Barbara Leaming, Frank Brady, and Charles Higham all report that RKO held a private rough cut screening of Kane on January 3, 1941, on the RKO lot, for the editors of Life, Look, and Redbook, three of the most important magazines in America at the time. These three magazines were chosen because they had looming deadlines for February - other magazines had later deadlines, and could wait until the film was finished. The print of Kane shown at this screening had no music. The only people originally allowed at this screening were Welles, his press agent Herbert Drake, the three magazine editors, the West Coast entertainment editor of The New York Times, who was under a gag order until Kane's official release, and the projectionist. No RKO brass or press people were admitted.
Word of the screening was leaked to the Hollywood Reporter, and Hedda Hopper got wind of it. Hedda called RKO and invited herself to the screening. Not wanting to offend one of the most powerful columnists in Hollywood, Welles and the RKO brass acquiesced. Hedda's rival, Louella Parsons, who worked for Hearst (Hopper did not), did not hear about this first screening.
The editors of Life, Look, and Redbook loved Citizen Kane; Ms. Hopper did not. "Not only is it a vicious and irresponsible attack on a great man", she stated, "but the photography is old fashioned and the writing very corny." She then went on to attack Welles, Kane, and RKO in her columns. She also called Hearst's people, tipping them off.
On January 8, Welles wrote a note to Louella Parsons, warning her that an upcoming article in Friday magazine on Kane contained a "vicious lie". The offending quotation in Friday was as follows:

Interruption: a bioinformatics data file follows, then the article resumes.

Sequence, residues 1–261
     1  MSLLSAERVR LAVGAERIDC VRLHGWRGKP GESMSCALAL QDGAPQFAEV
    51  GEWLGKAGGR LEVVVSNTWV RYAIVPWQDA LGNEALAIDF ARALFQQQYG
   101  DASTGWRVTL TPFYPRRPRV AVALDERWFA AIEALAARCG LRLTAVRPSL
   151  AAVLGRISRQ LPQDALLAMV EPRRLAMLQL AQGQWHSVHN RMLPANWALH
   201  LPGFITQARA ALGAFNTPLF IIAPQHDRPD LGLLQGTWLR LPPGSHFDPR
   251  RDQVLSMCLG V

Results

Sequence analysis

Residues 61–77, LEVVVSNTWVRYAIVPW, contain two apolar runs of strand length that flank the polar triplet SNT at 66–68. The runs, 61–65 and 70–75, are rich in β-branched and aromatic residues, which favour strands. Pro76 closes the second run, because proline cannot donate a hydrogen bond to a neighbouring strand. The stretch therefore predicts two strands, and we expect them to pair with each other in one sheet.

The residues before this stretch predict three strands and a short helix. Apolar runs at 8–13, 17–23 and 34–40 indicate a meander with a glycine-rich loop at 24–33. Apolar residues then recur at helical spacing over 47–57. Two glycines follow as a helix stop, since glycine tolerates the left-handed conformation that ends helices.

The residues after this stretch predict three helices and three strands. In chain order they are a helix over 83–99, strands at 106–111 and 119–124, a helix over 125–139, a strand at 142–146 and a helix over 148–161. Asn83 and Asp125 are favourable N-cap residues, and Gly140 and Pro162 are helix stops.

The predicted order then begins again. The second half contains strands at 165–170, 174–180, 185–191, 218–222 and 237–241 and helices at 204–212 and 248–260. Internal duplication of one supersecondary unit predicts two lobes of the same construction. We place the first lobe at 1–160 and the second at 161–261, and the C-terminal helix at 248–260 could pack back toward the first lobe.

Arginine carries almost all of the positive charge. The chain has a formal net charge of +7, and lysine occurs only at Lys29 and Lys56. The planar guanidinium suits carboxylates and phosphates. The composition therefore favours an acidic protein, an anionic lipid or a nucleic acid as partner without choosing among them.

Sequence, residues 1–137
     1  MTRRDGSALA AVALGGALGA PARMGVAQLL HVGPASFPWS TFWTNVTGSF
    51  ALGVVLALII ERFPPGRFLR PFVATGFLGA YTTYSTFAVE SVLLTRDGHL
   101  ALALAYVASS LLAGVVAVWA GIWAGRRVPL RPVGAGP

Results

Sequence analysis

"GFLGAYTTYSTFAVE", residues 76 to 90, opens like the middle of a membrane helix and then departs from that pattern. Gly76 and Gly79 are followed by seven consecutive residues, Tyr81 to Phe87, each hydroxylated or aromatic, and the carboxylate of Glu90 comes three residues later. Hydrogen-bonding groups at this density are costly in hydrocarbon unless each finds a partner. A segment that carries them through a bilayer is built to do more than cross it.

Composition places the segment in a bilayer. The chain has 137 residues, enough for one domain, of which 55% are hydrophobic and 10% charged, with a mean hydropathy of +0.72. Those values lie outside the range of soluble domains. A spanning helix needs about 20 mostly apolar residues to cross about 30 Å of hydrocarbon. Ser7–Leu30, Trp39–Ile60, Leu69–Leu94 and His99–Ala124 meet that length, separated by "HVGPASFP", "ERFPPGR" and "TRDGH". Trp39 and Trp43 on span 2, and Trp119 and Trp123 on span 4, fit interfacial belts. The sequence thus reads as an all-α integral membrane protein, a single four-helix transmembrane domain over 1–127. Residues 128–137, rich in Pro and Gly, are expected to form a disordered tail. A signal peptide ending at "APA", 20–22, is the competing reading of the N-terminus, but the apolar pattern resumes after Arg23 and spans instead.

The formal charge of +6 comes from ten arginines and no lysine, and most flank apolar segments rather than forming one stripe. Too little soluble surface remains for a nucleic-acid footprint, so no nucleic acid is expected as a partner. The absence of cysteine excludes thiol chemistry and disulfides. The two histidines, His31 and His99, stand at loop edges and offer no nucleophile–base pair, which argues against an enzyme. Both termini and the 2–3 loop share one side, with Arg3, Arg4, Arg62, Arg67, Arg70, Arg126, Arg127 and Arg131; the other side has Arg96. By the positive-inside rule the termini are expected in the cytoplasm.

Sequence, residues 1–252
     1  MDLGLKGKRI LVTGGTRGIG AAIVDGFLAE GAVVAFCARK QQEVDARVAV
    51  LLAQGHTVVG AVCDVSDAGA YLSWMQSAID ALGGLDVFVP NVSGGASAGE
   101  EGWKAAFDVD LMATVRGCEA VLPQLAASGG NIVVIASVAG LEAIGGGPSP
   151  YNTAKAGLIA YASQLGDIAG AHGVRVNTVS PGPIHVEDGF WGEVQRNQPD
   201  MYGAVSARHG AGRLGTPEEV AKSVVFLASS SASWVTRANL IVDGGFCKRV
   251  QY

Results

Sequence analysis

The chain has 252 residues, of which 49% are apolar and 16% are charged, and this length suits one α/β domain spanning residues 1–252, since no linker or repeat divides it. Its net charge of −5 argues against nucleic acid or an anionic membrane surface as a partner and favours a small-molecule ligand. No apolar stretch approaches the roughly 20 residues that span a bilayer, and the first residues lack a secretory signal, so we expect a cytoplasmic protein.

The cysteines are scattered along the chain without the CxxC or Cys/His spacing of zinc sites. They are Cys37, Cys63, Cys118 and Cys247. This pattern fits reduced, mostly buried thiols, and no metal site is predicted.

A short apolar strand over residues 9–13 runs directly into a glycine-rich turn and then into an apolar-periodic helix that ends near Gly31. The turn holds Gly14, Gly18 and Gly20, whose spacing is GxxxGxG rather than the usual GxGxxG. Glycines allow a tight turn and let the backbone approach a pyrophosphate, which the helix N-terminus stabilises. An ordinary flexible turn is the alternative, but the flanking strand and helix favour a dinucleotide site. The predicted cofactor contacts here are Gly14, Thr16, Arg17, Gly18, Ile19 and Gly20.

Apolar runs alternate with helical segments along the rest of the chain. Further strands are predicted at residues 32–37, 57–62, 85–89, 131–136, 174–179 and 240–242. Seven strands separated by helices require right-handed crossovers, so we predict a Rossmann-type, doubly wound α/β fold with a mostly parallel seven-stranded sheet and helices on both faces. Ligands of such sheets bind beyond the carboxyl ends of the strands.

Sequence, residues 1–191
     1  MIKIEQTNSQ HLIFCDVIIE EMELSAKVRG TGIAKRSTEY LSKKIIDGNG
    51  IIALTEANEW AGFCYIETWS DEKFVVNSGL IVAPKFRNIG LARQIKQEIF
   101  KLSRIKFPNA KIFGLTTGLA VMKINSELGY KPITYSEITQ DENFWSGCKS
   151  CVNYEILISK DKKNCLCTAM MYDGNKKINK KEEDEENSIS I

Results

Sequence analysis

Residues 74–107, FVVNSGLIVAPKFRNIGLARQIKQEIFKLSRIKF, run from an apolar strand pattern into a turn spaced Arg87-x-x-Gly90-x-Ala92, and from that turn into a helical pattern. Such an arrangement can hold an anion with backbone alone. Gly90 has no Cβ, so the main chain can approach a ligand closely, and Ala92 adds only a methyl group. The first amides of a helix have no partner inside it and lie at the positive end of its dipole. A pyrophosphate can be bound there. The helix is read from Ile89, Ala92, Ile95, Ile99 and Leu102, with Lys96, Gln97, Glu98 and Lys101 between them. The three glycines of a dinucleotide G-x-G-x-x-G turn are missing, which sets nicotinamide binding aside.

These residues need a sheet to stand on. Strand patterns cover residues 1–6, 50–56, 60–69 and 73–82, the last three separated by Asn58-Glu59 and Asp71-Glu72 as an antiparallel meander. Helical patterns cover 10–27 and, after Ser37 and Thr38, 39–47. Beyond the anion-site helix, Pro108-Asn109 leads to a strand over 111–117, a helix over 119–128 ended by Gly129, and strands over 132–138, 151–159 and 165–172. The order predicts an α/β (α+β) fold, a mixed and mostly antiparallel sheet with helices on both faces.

"Louella Parsons, Hollywood correspondent for the Hearst newspaper chain, has been praising Welles lavishly, giving Citizen Kane a terrific advance build-up. When informed of these outbursts of praise, Welles said: 'This is something I cannot understand. Wait until the woman finds out that the picture's about her boss.'"
Welles was rightfully incensed, as the quotation had been made up out of whole cloth, and he demanded a retraction, but his attempt to preempt Louella's anger failed. Hearst had read an advance copy of the article, and had called Parsons, asking her to set up a screening of Kane to see if the rumours were true. Hearst did not tell Parsons of the report from Hopper.
Parsons was livid. She had been a Welles partisan, and felt betrayed by him. She called RKO the next day, and insisted on a private screening, which she attended with two Hearst attorneys and her chauffeur, Louis Collins. Reports differ as to whether Parsons stayed for the entire screening, or stormed out early, but both Brady and Higham report that the chauffeur, Collins, murmured politely to Welles as he left the projection room, "That was a fine picture, Mr. Welles."